|A portrait of Raoul Wallenberg as a young man.|
Raoul Wallenberg was born on August 4th of 1912 in Stockholm, Sweden. His family was very wealthy and well-known; mostly bankers, politicians, ambassadors, and diplomats. Raoul’s father, Raoul Oscar Wallenberg, died three months before Raoul’s birth. His grandfather, Gustav Wallenberg, was put in charge of Raoul’s education. He was meant to carry on the family trade as a banker, but Raoul was much more interested in architecture and trade. He went to study at the University of Michigan, and graduated in 1931, majoring in architecture.
Five years after graduating, Wallenberg took a trip to Palestine, which is modern-day Israel. When he arrived in Haifa, he finally began noticing the Jews that had escaped Hitler’s Germany. He heard their stories of oppression and persecution and, being a partial Jew and a highly principled person, had empathy for their plight.
In 1939, the Nazis started expanding into the greater part of Europe. The allies began to unite, and Sweden pronounced itself as a neutral nation. The signs of war were beginning to rage through Europe, and the oppression of the Jews was growing worse. Their situation was becoming desperate.
| A Schutz Pass issued by Wallenberg.|
In 1944, Raoul Wallenberg began to get involved. He knew how unjust the inhumanity of the Nazis was, and remembered the stories of the Jews from Haifa. So he began to issue his Schutz Passes. Schutz Passes were fake identification papers that stated that the person possessing them was under the protection of the Swedish government and could not be harmed. In this way, Wallenberg used the Nazis’ love of paperwork and order as a manner of saving more Jews. By the end of the war, he had issued about 15,000 passes and saved 15,000 lives with the Schutz Passes alone.
In July of 1944, Wallenberg began to acknowledge that Schutz Passes could not save all the Jews in Hungary, so he created Swedish Safe Houses. Safe Houses were special havens that offered shelter for Hungarian Jews and were protected by the Swedish flag.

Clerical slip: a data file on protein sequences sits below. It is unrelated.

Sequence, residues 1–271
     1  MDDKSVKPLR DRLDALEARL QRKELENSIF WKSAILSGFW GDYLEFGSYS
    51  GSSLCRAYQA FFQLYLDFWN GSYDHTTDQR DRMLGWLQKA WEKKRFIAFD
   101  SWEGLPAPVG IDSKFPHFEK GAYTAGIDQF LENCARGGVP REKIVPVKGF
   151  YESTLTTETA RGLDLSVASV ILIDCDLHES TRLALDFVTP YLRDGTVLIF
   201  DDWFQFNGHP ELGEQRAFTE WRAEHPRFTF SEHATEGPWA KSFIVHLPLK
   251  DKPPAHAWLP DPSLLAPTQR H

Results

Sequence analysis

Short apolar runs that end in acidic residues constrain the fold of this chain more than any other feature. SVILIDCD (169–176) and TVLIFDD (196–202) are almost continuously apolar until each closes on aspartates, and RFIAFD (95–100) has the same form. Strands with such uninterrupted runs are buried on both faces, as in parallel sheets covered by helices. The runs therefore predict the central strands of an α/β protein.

| The Swedish flag.|
In December of 1944, Wallenberg learned that 70,000 Jews in the Budapest Central Ghetto were going to be slaughtered. He sent a message to General August Schmidthuber (the only person who could stop the massacre) clearly stating that if the carnage ever happened, he would make sure that Schmidthuber was tried for war crimes at the end of the war. This frightened the general, so the mass execution was cancelled and 70,000 Jews were saved within a few weeks.
The Hungarian Arrow Cross arose in 1944. The Arrow Cross was the Hungarian Nazi organization. They caused even more terror than the Nazis, and sent over 400,000 Jews off to concentration camps. This prompted Wallenberg to save over 100,000 lives by using bribery and threats. For example, he used his good relationship with Baroness Elizabeth "Liesel" Kemeny to influence her husband into keeping the Schutz passes valid.
In 1945, Adolph Eichmann’s death marches began. Death marches stretched over lengths of 200 kilometers. Of the 58,000 people sent on death marches, almost 20,000 died. Raoul Wallenberg managed to save some people in the death marches by giving them Schutz passes, or supplying them with food, blankets, and medical supplies.
Then, later on January 17th, 1945, Wallenberg disappeared. He had been going to visit the Soviet Military Headquarters, but he and his driver, Vilmos Langfelder, never returned. The Soviets claim that Wallenberg died of a heart attack in 1947 to this day, even though prison sightings provide evidence to the contrary.
Finally, in May of 1945, the war ended. But another soon began; the Cold War. There was no actual fighting during the Cold War. It was a war of words and ideas; the United States and the Soviets compared the sizes of their missiles and threatened each other. No actual fighting ever occurred.
In the 1940’s until 1972, there were many prison sightings of Wallenberg. This contradicted the Soviet government's statement that Wallenberg had a heart attack, but it could never be proved that Wallenberg had actually been sighted.
In 1981, Wallenberg became the third individual to become an Honorary U.S. Citizen, along with Marquis de Lafayette and Winston Churchill.
And that is the end of Raoul Wallenberg’s story. But we are all left to wonder; is he dead or alive? Were the Soviets telling the truth, or lying? The questions go on and on. We will never know the answers to most of them. But whatever the answers of the questions may be, Wallenberg is still on our minds.
|Honoring Raoul Wallenberg at Yad-Vashem in Israel.|